Sunday, September 19, 2010

Lady Grange on St. Kilda

September 19, 1773 was a Sunday, as is the case this year.  Johnson and Boswell continue on their tour of the Western Isles.  They are in Skye, visiting with the McLeod's of Dunvegan, talking of happenings in the region:

'After dinner to-day, we talked of the extraordinary fact of Lady Grange's being sent to St Kilda, and confined there for several years, without any means of relief. [Footnote: The true story of this lady, which happened In this century, is as frightfully romantick as if it had been the fiction of a gloomy fancy. She was the wife of one of the Lords of Session in Scotland, a man of the very first blood of his country. For some mysterious reasons, which have never been discovered, she was seized and carried off in the dark, she knew not by whom, and by nightly journies was conveyed to the Highland shores, from whence she was transported by sea to the remote rock of St Kilda, where she remained, amongst its few wild inhabitants, a forlorn prisoner, but had a constant supply of provisions, and a woman to wait on her. No inquiry was made after her, till she at last found means to convey a letter to a confidential friend, by the daughter of a Catechist who concealed it in a clue of yarn. Information being thus obtained at Edinburgh, a ship was sent to bring her off; but intelligence of this being received, she was conveyed to M'Leod's island of Herries, where she died.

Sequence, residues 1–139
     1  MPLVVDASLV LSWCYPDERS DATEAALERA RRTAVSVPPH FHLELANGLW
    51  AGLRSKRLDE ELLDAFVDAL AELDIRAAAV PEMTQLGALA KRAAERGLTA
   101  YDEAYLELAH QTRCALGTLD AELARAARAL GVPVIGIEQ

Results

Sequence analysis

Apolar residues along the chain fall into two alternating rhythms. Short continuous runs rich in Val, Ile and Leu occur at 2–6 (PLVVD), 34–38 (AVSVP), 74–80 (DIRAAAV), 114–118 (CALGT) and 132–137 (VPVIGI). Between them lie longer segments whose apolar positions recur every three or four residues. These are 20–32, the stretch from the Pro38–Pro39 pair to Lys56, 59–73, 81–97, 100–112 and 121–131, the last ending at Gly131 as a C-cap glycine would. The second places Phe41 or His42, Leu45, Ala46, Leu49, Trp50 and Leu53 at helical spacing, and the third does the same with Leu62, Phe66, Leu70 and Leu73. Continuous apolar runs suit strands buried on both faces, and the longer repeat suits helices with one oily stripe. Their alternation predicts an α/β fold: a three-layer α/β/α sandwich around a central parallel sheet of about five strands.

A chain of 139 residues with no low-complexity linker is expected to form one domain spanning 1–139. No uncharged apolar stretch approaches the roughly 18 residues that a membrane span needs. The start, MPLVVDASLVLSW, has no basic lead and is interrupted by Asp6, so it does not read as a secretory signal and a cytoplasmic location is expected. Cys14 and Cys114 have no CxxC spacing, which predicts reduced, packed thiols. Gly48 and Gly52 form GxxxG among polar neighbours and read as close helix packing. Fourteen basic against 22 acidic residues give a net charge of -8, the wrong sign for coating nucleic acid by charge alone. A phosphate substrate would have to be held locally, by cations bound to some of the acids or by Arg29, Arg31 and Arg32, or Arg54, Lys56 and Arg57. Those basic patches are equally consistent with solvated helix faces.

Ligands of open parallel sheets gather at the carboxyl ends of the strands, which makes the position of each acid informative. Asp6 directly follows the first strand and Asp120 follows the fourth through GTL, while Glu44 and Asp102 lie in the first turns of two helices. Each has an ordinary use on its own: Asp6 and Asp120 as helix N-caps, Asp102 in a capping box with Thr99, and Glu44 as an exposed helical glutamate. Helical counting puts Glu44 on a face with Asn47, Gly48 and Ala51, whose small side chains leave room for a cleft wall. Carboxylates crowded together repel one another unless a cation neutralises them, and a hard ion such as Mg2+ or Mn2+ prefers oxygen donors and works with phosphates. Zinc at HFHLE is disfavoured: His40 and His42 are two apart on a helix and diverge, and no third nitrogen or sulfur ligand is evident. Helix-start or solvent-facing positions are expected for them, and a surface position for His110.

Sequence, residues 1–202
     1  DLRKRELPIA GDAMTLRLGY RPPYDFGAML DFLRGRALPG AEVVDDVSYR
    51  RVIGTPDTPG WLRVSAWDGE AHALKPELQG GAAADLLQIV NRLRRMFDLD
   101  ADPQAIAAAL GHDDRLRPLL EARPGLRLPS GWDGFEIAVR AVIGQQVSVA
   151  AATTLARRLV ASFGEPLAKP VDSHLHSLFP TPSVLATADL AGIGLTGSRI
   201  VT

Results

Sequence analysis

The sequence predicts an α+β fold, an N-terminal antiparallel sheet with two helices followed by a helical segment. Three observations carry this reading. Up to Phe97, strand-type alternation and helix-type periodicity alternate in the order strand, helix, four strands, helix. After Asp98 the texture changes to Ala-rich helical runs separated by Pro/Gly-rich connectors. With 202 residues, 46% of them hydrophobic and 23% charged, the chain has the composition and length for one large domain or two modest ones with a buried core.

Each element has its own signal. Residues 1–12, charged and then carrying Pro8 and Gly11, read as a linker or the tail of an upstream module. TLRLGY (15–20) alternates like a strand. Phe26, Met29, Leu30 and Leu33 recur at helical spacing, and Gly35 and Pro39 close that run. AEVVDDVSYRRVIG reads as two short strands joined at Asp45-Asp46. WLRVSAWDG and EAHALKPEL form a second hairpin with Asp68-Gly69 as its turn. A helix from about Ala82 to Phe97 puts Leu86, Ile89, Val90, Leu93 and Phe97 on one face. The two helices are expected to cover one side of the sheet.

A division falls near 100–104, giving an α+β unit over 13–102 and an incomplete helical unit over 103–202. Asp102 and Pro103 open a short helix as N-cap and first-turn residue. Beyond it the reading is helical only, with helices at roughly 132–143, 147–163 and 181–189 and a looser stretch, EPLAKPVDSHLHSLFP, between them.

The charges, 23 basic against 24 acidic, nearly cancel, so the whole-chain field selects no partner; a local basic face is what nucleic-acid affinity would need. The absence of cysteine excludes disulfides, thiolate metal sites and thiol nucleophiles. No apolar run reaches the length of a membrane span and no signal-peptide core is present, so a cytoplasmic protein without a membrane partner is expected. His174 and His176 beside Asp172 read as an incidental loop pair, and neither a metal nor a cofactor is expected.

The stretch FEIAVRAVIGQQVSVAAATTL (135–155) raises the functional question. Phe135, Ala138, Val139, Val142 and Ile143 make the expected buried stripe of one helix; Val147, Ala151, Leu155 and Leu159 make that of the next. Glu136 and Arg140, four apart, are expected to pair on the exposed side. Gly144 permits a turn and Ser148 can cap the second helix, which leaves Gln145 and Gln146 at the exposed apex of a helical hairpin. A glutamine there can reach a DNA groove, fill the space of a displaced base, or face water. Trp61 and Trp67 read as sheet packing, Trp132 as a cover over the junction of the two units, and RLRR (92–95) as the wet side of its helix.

Rachel Chiesley was the wife of James Erskine, Lord Grange, who was a Jacobite sympathizer.  Chiesley, who may have been unbalanced for many years, felt her husband was being unfaithful to her, and she accused him publicly of acting treasonably against the Hanoverian government.  This occurred in late 1731, and when Chiesley booked a coach to London in January 1732, Erskine, afraid she might cause more trouble, had her kidnapped.  She was later transported to the Monarch Isles, where she lived for two years, then to St. Kilda from 1734 - 1740.  She was moved to the Isle of Skye in 1740, and died there in 1745.
Walter Scott leaves a reference to Lady Grange in his Journal: 'January 20 [1829].—...Also a letter to Mrs. Professor Sandford at Glasgow about reprinting Macaulay's History of St. Kilda, advising them to insert the history of Lady Grange who was kidnapped and banished thither.'

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